Who might be the lesser-known running backs in this year's draft who could experience a similar rise as Johnson did in 2015?

A trio of backs might have thrown their names into that hat: Alabama's Kenyan Drake, California's Daniel Lasco and Notre Dame's C.J. Prosise.

"Kenyan Drake made some money today," former NFL running back and current NFL Media analyst Maurice Jones-Drew said.

Drake posted a 4.45 40 (third-best for RBs) and had a 10-foot-3 broad jump.

"In this day and age, he could come into a team right now and be a third-down back," NFL Media draft analyst Lance Zierlein said.

Lasco was among the workout wonders on Friday, and now has hope that an injury-riddled 2015 won't cost him a draft spot.

"Daniel Lasco, nobody knows about because he had a hip injury and only played three or four games," Mayock said. "At the East-West game, he opened my eye. He ran well in the 40 and caught the football well. He'll be a natural out of the backfield for somebody next year."

Prosise -- a member of NFL Media reporter Albert Breer's 2016 combine Spandex All-Star Team -- finished with the seventh-best vertical jump (35 1/2 inches), and eighth-best 40 time (4.48) and broad jump (10 feet, 1 inch) among running backs. However, he is a prospect to monitor closely this draft season.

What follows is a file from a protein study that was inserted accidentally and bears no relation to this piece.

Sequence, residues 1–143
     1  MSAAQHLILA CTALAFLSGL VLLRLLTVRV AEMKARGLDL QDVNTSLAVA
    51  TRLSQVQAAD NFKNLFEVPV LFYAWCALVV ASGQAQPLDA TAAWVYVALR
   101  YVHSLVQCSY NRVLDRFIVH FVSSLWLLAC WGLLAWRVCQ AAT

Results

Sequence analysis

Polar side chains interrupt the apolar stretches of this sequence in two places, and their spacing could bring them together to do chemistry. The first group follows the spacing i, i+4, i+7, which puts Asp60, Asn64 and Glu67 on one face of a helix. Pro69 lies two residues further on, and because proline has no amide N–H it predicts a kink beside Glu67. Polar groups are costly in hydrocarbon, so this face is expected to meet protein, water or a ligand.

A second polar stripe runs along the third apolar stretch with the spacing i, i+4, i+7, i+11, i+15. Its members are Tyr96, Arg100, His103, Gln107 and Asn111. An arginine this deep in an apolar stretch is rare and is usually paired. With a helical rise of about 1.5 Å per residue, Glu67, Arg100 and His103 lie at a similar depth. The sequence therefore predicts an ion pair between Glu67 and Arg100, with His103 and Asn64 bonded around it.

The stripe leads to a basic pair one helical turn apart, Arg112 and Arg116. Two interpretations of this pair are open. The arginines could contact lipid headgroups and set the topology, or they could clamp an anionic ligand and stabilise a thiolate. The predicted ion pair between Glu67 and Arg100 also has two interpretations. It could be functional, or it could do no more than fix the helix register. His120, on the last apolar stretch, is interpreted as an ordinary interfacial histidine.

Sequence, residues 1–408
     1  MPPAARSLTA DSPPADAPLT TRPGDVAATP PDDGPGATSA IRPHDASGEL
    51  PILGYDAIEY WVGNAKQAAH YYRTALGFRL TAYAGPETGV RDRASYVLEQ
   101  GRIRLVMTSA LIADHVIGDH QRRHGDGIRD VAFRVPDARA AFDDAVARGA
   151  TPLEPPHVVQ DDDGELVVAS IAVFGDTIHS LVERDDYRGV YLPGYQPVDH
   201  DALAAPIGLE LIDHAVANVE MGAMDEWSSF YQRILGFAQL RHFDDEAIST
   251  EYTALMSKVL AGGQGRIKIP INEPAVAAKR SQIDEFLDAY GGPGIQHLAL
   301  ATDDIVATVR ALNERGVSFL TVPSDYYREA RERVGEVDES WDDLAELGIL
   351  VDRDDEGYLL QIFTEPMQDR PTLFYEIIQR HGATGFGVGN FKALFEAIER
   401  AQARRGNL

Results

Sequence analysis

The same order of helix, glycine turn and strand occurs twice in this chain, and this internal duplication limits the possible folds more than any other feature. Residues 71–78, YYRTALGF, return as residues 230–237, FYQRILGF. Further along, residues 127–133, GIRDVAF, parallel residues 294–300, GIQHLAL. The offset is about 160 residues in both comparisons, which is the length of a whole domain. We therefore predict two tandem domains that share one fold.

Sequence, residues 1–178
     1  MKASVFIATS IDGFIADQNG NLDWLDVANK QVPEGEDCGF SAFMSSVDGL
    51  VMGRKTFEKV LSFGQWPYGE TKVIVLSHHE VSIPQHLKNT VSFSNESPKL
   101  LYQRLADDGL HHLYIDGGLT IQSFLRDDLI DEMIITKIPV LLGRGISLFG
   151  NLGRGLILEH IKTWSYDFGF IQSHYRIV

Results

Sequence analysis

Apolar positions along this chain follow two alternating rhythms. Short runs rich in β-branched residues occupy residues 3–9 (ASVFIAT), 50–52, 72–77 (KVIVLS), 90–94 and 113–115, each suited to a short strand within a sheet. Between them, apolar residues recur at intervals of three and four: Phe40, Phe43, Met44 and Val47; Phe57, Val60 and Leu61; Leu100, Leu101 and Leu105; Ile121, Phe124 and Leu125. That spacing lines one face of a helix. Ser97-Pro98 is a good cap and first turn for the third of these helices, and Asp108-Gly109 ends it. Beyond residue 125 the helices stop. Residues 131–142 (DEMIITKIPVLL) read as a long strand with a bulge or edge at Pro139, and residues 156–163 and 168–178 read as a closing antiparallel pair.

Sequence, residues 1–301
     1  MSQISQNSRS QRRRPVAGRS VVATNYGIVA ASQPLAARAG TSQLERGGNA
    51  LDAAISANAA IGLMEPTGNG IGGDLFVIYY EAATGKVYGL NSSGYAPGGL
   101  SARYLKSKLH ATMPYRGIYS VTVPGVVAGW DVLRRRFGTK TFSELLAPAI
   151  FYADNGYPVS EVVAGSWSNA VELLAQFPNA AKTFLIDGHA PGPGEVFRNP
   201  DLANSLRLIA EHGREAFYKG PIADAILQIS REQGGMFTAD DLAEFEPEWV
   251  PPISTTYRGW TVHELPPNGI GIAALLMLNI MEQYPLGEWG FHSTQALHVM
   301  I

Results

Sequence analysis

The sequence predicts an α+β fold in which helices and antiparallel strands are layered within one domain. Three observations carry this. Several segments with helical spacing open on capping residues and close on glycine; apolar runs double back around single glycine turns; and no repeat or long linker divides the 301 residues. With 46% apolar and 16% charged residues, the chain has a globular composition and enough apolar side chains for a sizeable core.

"Prosise only played running back one year in college. He played the slot (receiver spot). He was a defensive back. He's a big back. He's really intriguing," Mayock said. "There's a lot of upside to this kid."

Tunsil saves some for pro day

Ole Miss offensive tackle Laremy Tunsil opted to skip the combine's runs and jumps, and is saving himself for Ole Miss' pro day on March 28. This was big news.

Competition for Tunsil?

Mayock proposes that Tunsil's grip on the top tackle spot has a challenger in Notre Dame's Ronnie Stanley.

"To me Ronnie Stanley is a top 10 pick. Would you pick him No. 3 overall?" Mayock said. "I think he's closer to Tunsil than a lot of people do, so I think he could be in the conversation, also."

Conklin shows well